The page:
Clorox, the household detergent-producer, reported fourth quarter results which beat analyst forecasts thanks to strong sales of cleaning goods and disinfecting products.
Net Sales improved 22% to $1.98 billion from the same quarter a year ago. Gross margins expanded marginally q-o-q to 46.8% thanks to costs savings and volume growth, but was restrained due to lower selling prices and higher logistics and manufacturing costs. The company experienced higher sales across all four segments y-o-y with Health and Wellness (+33%), Household (+17%), Lifestyle (+16%), and International (+12%).
EBIT rose 32.6% to $419 million, and EBIT margins expanded quarter-on-quarter by 3.1% to 21.1%. Net profit came in at $310 million, or $2.41 per share, a 29% improvement y-o-y.
The company provided muted guidance, projecting that sales would be flat or grow slightly in the current fiscal year (2021) and that profit could either slip or increase by mid-single digits. Clorox products are already found in 9 out of 10 US homes so the company is spending on advertising in international markets to broaden its appeal. Clorox also announced company president Linda Rendle, as the new chief executive, effective from mid-September. Rendle is 42 years old and has been with the company for 17 years. Current CEO Benno Dorer (56) will continue to serve as executive chairman.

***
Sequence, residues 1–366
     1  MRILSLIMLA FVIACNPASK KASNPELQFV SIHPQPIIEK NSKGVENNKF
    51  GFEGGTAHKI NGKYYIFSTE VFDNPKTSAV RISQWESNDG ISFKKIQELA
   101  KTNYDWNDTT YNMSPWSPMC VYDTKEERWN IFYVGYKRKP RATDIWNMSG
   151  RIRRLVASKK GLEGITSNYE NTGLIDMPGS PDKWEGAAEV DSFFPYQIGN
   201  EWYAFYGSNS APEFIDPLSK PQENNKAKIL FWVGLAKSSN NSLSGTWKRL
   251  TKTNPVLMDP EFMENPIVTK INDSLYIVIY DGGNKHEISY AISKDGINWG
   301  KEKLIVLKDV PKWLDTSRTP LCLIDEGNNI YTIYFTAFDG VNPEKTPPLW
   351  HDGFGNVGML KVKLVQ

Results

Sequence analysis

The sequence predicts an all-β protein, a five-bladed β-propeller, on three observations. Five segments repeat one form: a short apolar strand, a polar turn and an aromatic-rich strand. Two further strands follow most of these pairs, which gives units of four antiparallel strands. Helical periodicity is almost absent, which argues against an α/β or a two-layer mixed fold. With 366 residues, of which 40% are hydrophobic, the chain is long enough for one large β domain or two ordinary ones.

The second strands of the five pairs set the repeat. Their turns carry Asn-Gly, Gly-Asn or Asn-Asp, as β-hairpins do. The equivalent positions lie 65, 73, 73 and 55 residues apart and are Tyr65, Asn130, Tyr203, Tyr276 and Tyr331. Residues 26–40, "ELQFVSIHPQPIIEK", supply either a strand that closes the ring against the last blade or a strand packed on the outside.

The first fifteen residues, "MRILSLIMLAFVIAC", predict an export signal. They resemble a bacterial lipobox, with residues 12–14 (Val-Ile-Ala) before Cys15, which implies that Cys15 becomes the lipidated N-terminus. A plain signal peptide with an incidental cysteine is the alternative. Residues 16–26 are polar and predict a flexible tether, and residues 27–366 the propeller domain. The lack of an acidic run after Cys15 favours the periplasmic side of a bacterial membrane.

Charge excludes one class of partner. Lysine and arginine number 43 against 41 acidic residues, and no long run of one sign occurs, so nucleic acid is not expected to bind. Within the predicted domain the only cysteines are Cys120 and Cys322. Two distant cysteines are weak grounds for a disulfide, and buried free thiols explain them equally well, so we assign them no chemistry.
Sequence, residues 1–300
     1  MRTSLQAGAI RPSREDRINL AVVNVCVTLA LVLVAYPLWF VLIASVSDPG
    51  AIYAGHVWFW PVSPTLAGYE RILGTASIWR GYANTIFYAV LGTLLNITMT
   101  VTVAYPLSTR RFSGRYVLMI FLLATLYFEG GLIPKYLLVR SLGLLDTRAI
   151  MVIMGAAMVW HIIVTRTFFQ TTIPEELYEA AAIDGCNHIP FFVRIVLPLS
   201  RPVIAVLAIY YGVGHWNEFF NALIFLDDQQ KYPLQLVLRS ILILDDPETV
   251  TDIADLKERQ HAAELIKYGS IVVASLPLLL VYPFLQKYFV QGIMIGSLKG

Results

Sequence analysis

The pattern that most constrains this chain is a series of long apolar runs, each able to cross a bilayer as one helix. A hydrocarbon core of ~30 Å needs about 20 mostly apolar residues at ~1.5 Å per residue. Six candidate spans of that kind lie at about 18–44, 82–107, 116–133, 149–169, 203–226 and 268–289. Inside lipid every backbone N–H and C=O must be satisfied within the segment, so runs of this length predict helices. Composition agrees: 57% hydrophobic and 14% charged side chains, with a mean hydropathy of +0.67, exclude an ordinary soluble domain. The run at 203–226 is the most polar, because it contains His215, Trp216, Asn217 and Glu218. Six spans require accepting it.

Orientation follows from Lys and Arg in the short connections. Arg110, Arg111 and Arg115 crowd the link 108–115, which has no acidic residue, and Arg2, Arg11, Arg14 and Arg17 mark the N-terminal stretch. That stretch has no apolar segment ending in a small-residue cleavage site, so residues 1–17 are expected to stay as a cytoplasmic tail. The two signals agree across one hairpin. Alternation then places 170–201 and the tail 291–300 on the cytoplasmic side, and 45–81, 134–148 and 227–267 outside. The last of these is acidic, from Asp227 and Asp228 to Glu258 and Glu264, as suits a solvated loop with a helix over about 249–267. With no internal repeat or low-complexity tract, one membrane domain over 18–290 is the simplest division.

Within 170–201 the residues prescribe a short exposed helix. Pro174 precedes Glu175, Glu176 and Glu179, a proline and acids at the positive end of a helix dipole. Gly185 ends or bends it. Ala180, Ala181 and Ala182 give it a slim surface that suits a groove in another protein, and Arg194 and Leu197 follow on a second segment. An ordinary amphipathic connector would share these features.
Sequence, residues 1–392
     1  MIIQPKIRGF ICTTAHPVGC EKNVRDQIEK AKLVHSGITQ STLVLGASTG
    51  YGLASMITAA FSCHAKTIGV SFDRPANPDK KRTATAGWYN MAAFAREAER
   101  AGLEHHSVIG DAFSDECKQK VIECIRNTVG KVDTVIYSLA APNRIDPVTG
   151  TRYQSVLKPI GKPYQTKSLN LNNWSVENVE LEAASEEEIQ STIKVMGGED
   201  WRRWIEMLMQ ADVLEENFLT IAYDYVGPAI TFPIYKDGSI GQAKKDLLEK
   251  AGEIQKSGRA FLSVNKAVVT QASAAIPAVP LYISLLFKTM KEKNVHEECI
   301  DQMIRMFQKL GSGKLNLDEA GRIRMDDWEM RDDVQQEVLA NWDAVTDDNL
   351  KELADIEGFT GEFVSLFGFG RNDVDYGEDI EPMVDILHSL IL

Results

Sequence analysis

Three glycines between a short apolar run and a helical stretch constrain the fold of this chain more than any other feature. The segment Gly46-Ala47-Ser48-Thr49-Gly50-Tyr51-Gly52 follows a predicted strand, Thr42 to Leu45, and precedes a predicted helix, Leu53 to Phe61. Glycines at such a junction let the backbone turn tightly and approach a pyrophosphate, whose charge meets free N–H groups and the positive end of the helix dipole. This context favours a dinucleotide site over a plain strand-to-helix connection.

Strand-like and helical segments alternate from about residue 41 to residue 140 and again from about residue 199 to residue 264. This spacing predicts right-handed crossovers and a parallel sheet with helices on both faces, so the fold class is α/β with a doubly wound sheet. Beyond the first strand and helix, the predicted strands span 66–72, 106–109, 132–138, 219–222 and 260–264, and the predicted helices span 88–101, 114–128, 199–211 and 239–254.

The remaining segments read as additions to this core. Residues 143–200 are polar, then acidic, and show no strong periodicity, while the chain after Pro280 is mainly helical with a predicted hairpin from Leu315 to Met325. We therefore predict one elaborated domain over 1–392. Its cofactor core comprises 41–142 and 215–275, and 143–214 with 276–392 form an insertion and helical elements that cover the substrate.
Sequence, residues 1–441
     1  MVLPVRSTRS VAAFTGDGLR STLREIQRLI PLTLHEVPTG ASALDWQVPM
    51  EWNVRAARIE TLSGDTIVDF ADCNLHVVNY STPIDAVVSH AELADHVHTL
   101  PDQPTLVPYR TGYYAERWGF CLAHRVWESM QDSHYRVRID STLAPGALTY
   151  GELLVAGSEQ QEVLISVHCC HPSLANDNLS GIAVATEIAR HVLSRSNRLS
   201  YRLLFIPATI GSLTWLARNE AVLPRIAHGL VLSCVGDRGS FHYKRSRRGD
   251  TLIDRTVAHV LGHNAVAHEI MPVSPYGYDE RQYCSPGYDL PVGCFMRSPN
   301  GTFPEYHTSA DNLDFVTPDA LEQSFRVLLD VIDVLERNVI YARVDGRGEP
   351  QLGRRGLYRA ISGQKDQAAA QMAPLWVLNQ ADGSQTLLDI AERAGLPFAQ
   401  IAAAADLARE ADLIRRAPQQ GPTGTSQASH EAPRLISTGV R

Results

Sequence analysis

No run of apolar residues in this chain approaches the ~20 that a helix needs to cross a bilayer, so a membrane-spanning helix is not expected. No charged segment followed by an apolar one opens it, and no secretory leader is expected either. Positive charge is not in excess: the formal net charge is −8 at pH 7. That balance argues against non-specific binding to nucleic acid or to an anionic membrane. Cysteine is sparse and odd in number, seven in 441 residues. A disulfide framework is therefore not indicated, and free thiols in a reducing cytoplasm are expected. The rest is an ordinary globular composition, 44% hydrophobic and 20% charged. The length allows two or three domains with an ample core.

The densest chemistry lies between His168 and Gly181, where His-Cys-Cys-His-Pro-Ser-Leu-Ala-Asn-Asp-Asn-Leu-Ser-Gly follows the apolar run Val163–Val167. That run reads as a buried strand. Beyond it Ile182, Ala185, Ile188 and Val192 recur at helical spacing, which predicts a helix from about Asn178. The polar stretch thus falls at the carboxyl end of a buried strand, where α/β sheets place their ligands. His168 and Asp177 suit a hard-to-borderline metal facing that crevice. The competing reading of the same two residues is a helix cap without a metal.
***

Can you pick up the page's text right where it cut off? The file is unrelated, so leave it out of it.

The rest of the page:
Guidance was conservative, given the current demand for cleaning products by households and businesses (as well as health supplements), albeit fair in an environment of uncertainty. The company boasted an impressive rise in free cash flows of over 19% to $1.3 billion for fiscal 2020. It has also grown FCF, annually by double digits, over the past 5 years and margins have been stable. The Return on Invested Capital (ROIC) of 30% compares favourably to industry peers at 17%. Clorox has a history of dividend growth, and is currently yielding 2%. It also returns cash to shareholders, having bought back $4 billion worth of stock over the last 5 years. It does have substantial debt, however, at over $3 billion and is targeting a Net Debt to EBIT of 2.0 – 2.5x from around 3x currently. The stock is up more than 50% this year and there could be significant downside risk to the share price should Covid-19 begin to dissipate and buying patterns normalize. The company is relatively expensive at 32x earnings but is a quality counter whose products are a mainstay of the American household.